For years, University of Georgia plant breeder Scott NeSmith has created blueberry varieties for the commercial market. Now, he’s introduced a series of blueberry plants bred for home gardeners.
The 'Paulk' variety is UGA's newest muscadine release. CAES News
The 'Paulk' variety is UGA's newest muscadine release.
Muscadine Conference
Producers and those interested in muscadine grape production are invited to the University of Georgia Summer Muscadine Conference on Tuesday, July 9, at the university’s South Milledge Greenhouse Complex on Milledge Avenue in Athens.
The MyIPM app is a free, mobile tool designed to promote integrated pest management for commercial fruit crop production. The app focuses on fruit crops grown in the Eastern U.S., including apple, blackberry, blueberry, bunch grape, cherry, cranberry, peach, pear and strawberry. CAES News
The MyIPM app is a free, mobile tool designed to promote integrated pest management for commercial fruit crop production. The app focuses on fruit crops grown in the Eastern U.S., including apple, blackberry, blueberry, bunch grape, cherry, cranberry, peach, pear and strawberry.
MyIPM App
The MyIPM app helps fruit growers across the Southeast U.S. manage a multitude of crops with disease and insect diagnostic tools.
Two women tour the organic production plots at UGA's Durham Horticulture Farm during UGA's 2014 Organic Twilight Tour. CAES News
Two women tour the organic production plots at UGA's Durham Horticulture Farm during UGA's 2014 Organic Twilight Tour.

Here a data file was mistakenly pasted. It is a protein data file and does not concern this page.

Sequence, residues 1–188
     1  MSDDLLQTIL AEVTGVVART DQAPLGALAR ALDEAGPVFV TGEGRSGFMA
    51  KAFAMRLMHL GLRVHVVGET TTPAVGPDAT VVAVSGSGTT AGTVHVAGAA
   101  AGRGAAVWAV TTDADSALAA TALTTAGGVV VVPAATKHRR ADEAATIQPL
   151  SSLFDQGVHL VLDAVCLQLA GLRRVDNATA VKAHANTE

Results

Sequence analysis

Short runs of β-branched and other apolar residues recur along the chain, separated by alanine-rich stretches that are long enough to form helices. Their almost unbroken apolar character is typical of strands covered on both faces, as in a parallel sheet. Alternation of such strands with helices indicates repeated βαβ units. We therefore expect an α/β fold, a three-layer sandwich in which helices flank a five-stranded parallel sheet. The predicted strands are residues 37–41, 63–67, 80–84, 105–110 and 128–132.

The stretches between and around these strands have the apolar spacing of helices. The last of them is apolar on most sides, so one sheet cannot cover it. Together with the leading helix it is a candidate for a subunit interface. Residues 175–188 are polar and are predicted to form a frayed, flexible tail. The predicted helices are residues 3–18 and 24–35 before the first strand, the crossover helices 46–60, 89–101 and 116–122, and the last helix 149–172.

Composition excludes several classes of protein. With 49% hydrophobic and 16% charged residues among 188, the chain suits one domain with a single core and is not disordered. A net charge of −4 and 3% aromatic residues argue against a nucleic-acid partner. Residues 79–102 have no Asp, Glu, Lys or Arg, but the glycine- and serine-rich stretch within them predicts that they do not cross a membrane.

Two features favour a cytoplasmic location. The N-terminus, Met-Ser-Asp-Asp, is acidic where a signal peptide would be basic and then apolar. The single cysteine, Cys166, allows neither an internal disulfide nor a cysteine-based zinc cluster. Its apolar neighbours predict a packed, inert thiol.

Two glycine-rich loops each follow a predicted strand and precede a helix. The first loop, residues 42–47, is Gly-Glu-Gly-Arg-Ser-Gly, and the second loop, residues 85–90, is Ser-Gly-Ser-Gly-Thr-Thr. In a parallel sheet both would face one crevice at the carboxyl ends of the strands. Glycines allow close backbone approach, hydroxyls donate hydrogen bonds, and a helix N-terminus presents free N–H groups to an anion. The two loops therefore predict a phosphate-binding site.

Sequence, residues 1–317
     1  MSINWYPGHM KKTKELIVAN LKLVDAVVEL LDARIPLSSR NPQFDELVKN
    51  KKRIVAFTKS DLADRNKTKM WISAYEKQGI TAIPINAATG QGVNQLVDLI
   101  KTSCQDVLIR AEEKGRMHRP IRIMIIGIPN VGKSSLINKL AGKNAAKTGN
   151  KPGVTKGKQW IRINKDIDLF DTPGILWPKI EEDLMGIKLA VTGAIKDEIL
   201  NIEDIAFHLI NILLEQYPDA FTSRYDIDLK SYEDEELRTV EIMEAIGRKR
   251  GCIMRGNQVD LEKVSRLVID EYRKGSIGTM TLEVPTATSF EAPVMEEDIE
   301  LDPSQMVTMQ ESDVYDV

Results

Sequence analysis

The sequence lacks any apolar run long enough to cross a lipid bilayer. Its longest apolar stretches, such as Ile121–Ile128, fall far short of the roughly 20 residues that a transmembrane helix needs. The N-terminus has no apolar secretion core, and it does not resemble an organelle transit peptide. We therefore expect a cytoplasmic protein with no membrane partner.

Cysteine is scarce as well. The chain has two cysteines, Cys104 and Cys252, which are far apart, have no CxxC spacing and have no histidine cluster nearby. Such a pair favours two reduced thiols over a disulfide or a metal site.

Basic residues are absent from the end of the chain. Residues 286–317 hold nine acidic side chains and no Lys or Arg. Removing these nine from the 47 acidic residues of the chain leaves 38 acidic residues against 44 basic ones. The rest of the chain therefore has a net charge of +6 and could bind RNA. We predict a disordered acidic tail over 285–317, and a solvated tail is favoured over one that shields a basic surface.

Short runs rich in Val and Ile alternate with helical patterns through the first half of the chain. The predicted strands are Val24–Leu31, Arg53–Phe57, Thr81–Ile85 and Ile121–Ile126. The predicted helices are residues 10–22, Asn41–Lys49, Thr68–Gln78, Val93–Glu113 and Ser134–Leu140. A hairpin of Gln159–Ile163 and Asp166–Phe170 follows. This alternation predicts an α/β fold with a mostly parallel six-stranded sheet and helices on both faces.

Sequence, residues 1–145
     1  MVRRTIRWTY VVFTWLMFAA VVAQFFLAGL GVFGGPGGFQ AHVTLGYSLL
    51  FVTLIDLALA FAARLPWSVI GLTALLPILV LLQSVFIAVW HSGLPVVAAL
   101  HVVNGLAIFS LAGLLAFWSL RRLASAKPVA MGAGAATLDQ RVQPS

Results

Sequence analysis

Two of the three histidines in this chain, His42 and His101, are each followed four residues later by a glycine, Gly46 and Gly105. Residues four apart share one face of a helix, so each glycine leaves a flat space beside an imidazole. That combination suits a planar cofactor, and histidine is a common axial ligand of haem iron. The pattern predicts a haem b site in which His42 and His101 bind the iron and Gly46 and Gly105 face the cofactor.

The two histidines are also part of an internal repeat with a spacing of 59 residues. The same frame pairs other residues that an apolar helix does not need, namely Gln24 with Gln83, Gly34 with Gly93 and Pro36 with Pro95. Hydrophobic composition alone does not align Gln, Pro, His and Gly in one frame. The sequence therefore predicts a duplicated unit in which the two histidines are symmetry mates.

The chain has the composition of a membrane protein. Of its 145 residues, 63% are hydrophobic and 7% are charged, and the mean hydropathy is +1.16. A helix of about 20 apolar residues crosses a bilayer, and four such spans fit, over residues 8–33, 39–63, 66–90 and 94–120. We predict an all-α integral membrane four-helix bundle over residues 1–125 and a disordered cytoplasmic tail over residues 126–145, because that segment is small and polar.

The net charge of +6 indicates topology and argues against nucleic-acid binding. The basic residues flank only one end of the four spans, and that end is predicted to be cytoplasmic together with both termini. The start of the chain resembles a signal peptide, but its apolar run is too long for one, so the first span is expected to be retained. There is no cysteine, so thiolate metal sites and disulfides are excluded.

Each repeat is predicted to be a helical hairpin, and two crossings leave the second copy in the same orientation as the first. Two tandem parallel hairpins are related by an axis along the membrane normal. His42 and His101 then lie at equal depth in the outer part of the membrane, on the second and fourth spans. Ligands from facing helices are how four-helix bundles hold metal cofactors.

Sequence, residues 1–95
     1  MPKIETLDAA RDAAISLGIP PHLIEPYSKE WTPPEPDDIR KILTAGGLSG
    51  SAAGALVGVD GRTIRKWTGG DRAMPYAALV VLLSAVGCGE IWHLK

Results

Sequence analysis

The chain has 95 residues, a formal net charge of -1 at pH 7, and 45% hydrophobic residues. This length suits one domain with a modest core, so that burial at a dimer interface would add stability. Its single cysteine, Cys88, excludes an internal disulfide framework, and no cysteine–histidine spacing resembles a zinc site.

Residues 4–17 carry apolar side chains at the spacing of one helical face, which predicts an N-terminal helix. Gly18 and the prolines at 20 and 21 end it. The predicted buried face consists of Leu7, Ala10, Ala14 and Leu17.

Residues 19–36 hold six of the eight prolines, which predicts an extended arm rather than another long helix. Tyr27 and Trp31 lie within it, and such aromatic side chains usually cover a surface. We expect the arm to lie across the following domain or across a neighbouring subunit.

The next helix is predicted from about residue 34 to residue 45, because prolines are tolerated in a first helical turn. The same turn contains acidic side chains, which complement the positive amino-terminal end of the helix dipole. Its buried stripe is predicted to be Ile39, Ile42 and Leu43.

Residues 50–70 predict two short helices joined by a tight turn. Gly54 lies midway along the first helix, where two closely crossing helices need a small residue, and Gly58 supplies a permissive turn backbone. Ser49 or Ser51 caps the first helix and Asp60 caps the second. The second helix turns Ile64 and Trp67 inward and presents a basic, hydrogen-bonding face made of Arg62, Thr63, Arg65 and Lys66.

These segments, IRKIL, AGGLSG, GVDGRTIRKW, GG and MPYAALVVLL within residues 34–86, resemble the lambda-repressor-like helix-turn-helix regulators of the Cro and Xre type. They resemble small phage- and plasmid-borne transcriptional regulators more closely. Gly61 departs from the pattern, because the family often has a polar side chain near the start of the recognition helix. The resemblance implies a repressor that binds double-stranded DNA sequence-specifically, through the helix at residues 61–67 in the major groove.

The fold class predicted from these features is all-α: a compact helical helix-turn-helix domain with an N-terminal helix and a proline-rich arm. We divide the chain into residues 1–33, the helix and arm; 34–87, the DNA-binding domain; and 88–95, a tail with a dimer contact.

Farm Tours
The University of Georgia is a hub for research that will shape farms tomorrow, and northeast Georgians will get a sneak peek at the future of farming at two farm tour open houses this month.
San Jose scale is a sucking insect pest which damages fruit, like this peach, and can eventually kill a tree by injecting toxins. CAES News
San Jose scale is a sucking insect pest which damages fruit, like this peach, and can eventually kill a tree by injecting toxins.
Peach Pest
Using horticultural oil sprays as an integrated pest management strategy to control San Jose scale in peach trees can be an effective alternative to chemical applications, and a University of Georgia study finds that the best control comes after trees have been pruned, allowing for lower application rates than previously recommended.
Horticulture Professor Esther van der Knapp of the University of Georgia College of Agricultural and Environmental Sciences worked with a team of geneticists around the world to create a fuller inventory of the genetic diversity of the tomato. They release a pangenome for the tomato in the May edition of Nature Genetics. (photos by Merritt Melancon) CAES News
Horticulture Professor Esther van der Knapp of the University of Georgia College of Agricultural and Environmental Sciences worked with a team of geneticists around the world to create a fuller inventory of the genetic diversity of the tomato. They release a pangenome for the tomato in the May edition of Nature Genetics. (photos by Merritt Melancon)
Tomato Pan-genome
 It’s summer, and Georgia gardeners are anxiously awaiting their first tomato harvest. Just in time for those first tomato sandwiches, researchers at the University of Georgia have helped unlock the mystery of what separates today’s tomatoes from their inedible ancestors.